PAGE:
In terms of performance, hip-hop often demands more from a live act than any other genre. Confidence, charisma and style (or lack thereof) are especially visible traits.
Over the last couple of years, Omaha hip-hop duo Both have been honing their own style. Their recorded work has opened up over time, which emcee Scky Rei says is due to being less bound by influences and more trusting of what flows from himself artistically.
“I was withholding my full potential, which I’m still reaching for new heights with as well,” Rei says.
He speaks specifically about the difference between Both’s first LP and their forthcoming EP Bothsucks, due out Aug. 7 on Make Believe Recordings. Both plays our Hear Omaha concert series today at noon at 13th and Howard. Ahead of the show, we talked to the pair about its music growth since earlier work, dealing with inner demons on “Social Expectations” and the collaboration with Psalm One.
As always, Hear Nebraska would like to thank the Greater Omaha Chamber of Commerce for making Hear Omaha possible.
Hear Nebraska: I’d love to know where Loop’s head/tastes were at when making beats for the new EP. They span from emphatic to downright ominous, which is a noticeable shift from the lounge vibe of the debut LP’s sounds.
INFNTLP: A lot of the tracks that made the EP weren’t made in one sitting. They were spread out all the way from last year to a few months ago. Just different moods at different times.
HN: How did the collaboration with Psalm One come about and what do you make of her verse on that song? It’s vintage Psalm One content-wise, but I’m wondering if there’s any workshopping the verse when you’re in the room. Or does she just go?
Scky Rei: The Psalm One collaboration just happened after playing a last minute show with her at the Sydney. We were put on the show the day before with Black Jonny Quest and we all enjoyed each others energies. Psalm said that our voices would go well on track together, [and] from there our connection started to develop. As far as Kizzie’s verse, I thought she came in with her samurai sword and murdered the bandits terrorizing the village. I trusted in her ability of simply being a creative artist so she just ripped. I let her go and attack as she saw fit. Besides she was in Chicago when she did her verse.
HN [from former managing editor Chance Solem-Pfeifer]: Talking to you about “What’s The Word” was the first story I did for Hear Nebraska two years ago. Feels like forever ago, and I’m curious how you reflect now on your earlier solo work. For my money, you can totally see the seeds of you and Nate’s current work, but the early work seem so restrained by comparison.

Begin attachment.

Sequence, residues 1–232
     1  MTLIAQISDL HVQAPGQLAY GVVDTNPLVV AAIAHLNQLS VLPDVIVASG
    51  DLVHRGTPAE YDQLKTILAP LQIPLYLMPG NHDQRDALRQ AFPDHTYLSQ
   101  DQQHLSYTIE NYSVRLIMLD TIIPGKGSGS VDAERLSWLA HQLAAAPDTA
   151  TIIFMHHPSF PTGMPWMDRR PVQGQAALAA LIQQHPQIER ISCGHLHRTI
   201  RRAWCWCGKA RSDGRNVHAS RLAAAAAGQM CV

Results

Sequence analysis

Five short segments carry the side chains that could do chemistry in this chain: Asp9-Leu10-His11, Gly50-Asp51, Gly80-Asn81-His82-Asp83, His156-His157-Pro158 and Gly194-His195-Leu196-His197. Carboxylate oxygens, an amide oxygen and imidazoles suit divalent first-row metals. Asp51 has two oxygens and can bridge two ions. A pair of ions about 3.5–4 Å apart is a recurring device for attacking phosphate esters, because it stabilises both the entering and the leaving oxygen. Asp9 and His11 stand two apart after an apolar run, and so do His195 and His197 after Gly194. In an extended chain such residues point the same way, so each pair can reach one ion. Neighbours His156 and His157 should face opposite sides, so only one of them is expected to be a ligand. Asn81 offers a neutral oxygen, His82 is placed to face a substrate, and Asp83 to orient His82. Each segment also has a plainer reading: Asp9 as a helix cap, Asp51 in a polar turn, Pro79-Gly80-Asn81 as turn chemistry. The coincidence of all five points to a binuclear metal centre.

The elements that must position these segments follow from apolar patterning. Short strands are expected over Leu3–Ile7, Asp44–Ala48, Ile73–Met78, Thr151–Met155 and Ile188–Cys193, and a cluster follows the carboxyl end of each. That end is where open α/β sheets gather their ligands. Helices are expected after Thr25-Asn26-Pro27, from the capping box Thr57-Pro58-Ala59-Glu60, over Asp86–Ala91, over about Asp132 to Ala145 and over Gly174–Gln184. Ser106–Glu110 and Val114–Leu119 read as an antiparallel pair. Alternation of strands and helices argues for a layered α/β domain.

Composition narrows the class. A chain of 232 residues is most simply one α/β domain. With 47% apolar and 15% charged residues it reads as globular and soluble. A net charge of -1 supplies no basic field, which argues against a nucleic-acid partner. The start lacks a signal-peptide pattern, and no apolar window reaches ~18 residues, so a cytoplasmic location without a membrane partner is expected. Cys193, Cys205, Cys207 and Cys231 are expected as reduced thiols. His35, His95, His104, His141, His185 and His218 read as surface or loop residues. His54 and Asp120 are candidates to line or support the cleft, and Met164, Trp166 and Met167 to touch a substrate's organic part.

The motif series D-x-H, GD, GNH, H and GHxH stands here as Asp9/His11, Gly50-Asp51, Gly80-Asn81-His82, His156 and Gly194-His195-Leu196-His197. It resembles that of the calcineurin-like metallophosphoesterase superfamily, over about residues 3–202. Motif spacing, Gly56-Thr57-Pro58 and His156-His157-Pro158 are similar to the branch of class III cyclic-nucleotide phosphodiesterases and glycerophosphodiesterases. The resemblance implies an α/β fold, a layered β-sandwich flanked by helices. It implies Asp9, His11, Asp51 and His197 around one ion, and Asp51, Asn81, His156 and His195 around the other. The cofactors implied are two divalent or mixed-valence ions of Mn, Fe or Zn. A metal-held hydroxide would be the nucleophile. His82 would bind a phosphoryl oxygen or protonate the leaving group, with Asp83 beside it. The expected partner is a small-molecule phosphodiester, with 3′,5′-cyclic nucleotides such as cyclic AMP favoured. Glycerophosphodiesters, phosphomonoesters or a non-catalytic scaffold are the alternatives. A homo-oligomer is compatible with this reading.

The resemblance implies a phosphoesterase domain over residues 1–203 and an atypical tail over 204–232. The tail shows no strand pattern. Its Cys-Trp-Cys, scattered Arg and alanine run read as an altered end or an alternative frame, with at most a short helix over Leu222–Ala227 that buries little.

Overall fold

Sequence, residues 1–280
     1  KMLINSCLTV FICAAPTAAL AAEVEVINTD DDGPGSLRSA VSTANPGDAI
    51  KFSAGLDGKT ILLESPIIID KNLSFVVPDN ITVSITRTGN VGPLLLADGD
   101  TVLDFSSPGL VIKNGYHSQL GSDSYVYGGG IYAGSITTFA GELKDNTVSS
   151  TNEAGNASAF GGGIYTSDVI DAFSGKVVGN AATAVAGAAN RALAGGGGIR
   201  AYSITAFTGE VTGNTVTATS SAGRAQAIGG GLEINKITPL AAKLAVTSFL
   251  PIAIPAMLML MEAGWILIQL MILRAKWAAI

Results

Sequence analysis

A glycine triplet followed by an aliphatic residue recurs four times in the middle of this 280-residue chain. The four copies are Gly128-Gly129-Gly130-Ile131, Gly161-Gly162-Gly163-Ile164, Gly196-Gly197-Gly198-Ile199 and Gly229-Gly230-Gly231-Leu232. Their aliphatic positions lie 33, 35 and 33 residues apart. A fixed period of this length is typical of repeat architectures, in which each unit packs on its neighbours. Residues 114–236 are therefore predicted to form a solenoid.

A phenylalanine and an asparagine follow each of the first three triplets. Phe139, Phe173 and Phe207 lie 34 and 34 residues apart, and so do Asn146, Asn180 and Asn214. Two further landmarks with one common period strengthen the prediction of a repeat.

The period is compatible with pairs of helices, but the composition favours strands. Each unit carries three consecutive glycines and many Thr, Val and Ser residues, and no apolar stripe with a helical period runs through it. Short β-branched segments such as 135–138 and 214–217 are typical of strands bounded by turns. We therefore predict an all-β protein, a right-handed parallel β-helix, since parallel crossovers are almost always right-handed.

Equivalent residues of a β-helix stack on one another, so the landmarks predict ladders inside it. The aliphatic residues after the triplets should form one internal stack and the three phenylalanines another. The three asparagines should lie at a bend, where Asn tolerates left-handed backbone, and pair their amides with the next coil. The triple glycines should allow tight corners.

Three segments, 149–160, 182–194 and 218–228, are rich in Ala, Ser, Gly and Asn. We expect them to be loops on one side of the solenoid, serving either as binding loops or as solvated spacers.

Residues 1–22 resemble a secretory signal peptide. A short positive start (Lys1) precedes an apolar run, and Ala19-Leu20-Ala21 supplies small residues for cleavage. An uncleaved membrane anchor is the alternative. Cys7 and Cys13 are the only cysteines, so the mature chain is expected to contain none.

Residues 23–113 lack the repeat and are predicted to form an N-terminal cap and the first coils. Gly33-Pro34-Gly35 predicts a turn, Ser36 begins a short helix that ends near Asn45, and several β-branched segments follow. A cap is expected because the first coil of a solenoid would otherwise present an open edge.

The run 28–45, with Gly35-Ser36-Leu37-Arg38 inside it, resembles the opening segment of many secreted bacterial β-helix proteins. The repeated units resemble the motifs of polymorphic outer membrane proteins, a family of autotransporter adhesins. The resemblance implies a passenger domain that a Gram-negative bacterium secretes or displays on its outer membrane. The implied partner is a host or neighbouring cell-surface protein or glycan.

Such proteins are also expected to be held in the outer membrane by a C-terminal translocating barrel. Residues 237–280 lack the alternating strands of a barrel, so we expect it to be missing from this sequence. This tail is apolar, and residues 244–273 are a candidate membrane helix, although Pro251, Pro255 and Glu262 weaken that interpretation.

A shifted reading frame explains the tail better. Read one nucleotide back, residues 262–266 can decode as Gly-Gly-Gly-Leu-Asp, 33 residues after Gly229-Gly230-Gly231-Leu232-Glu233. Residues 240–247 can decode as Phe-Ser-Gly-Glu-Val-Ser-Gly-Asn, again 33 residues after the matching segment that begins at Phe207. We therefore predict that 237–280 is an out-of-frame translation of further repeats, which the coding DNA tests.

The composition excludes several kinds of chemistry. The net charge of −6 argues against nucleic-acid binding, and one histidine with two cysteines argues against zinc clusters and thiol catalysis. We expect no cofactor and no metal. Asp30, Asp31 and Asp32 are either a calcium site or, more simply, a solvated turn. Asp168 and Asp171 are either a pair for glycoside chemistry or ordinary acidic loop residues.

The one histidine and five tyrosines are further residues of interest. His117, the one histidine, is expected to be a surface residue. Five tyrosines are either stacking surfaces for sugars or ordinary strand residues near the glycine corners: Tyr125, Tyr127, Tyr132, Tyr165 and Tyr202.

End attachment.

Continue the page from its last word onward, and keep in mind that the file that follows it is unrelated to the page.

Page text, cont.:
SR: As far as my solo work and our earlier work pre-BOTH, it was just Scky Rei and I wasn’t as open minded musically since I was going [for] a specific sound at that time. As time went on and BOTH came into light I found my voice. Before then, I feel I was imitating my influences instead of letting those artists that inspired me enhance what I posses within myself already. So restraint was exactly that. I was withholding my full potential, which I’m still reaching for new heights with as well.
HN: I’m still really taken with the “Social Expectations” Sonata Session from last year. As a song, it’s naked and vulnerable by comparison to most everything else in the discography. Does it feel that way from your vantage point, too?
SR: Well with Social Expectations, that was a personal song about Skylar Reed told by Scky Rei but produced by INFNTLP. I was dealing with a lot inner demons and social circumstances that caused me pain and confusion. It was meant to be vulnerable since I don’t put my heart on my shoulder in my everyday life, but I’m able to express it artistically through our music like most creatives do. There are a lot of issues [worldwide], but hell, even on our own doorstep, with differences in the earth tones of our skin, lifestyle choices, gender, class, and a number of things that simply can’t be listed in one interview. All that strain on me physically, spiritually and mentally at the time helped me write that song to release that negative energy. But I deal with things better now as I strive to build knowledge of self to develop the best level of understanding.
HN: What should Hear Nebraska’s audience keep an eye/ear open for in the near future, other than the EP dropping on Aug. 7?
SR: Not only Hear Nebraska, but the world should look forward to our future tours and a short film of our journey to make a full length project. INFNTLP and I would call this our lil’ step child baby we sometimes take care of. And look out for more national success as we transition from your favorite local to just another unholy national act that’ll get a 1.7 out of 10 on Pitchfork.